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Customer Reviews

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Most helpful customer reviews
2 of 2 people found the following review helpful
1.0 out of 5 stars Skype for Dummies March 7 2011
This book is very outdated and the publisher needs to update it. I emailed the author and he agreed with me.
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Most Helpful Customer Reviews on (beta) 3.3 out of 5 stars  18 reviews
39 of 40 people found the following review helpful
5.0 out of 5 stars A note from Susan (one of the authors!) Jan. 21 2007
By Susan Abdulezer - Published on
Okay, I had to give it 5 stars since I co-wrote the book and I know all the research, reflection, editing and late nights that went into Skype for Dummies. But I also wanted to add a little personal note about Skype and why I wanted to write this book.

Skype is an amazing way to communicate. I don't use it exclusively (I use land lines, email and cell phones too). But I wanted to open up the possibilities of using a program that let's you talk, type in messages, conference, videoconference, transfer files all at the same time, in the same venue, exploding the idea of what it means to mingle electronically. My husband Loren (my co-author), and our friend Howard Dammond (my other co-author), used Skype constantly in the writing work flow. We'd develop an outline and send the file out (you can send files out to a whole bunch of people at once if they are in a Skype chat or conference with you). We'd each look at it, comment, paste in paragraphs, changes, suggestions and add live links in the chat window, and then get down to work. Our work flow was almost exclusively on Skype. This was true even when Loren was in the study and I was in the living room in the same apartment. It was faster to Skype a file and paste a paragraph into a chat than it was to email or print and walk the chapter over to the next room. We really hadn't anticipated how efficient this was (and grateful for that efficiency when deadlines loomed).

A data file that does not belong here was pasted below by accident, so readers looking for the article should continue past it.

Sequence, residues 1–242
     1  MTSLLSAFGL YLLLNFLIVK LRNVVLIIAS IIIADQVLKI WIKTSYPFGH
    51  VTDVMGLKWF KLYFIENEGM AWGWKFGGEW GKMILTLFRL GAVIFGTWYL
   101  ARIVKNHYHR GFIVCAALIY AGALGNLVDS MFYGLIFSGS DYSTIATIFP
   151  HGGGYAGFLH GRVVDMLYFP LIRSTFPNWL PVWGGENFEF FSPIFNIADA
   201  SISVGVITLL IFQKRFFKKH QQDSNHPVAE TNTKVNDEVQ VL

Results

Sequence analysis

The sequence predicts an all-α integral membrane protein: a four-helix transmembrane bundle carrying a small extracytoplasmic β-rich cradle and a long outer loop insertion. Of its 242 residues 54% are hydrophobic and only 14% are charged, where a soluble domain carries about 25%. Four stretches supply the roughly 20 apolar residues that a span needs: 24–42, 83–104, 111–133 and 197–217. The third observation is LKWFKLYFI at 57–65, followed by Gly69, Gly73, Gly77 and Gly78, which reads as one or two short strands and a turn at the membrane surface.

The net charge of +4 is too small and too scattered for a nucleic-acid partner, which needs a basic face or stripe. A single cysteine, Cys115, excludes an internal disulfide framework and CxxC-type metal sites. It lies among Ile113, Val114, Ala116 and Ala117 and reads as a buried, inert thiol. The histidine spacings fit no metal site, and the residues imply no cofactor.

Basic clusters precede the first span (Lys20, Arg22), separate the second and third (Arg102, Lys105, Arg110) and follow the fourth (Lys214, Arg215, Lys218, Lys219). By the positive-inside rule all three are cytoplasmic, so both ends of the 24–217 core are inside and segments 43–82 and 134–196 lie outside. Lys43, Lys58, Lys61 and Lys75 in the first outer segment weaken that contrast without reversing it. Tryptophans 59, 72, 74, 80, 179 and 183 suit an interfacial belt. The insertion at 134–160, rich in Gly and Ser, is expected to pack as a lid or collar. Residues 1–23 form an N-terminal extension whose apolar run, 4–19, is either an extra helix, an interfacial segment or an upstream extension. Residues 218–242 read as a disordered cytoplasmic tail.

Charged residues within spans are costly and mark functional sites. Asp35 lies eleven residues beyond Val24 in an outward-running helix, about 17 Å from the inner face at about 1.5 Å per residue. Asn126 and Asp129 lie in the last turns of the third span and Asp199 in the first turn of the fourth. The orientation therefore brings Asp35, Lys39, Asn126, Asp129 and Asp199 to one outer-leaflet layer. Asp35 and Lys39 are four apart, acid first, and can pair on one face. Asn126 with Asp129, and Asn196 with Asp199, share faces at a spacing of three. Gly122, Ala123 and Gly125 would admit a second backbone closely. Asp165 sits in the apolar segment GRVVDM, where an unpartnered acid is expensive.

Skype had become part of our culture of communicating. We used it for work, play, to explore, to teach and to connect our far flung families.

On any given day, while I'm at work writing or researching on my computer, a little alert comes up inviting me to answer a Skype call. Not unusual...but the call is from my mother, a new user to computers, and well into her eighties. Mom lives in Florida, I'm in New York, and her Skype contacts allow her to instantly call any of her children with a couple of clicks. She also uses landlines and cell phones, but the quality of a Skype call for her is much clearer...a boon to failing hearing. I coached my Mom in how to set up a contact list and how to Skype out to her brothers in Indiana and Virginia, and her nieces in California. She is a confident Skyper (although she calls it Spyke!) and absolutely took to the program because it made sense to use it.

In the book we certainly tried to be really, really clear about how to use all the features of Skype...and then some (editors in the Dummies series are meticulous about insisting on clarity...albeit with a huge dose of humour). But we wanted to talk about the new culture that is emerging because of such programs; the enormity of how much more productive we can be if we take advantage of new tools; how far our reach can go in multi-continent collaboration, language learning, and business development.

To me, Skype is personal. I use it every day. This book was not a platform for political, economic or ethical discussions on Skype, eBay, cable companies and the like (I'll let you know when I become a political columnist). It's simply a glance down the road, a fun travel guide to suggest a path and destination you may not have considered (or didn't know was there). What is that destination? A very rich, varied way to connect with each other.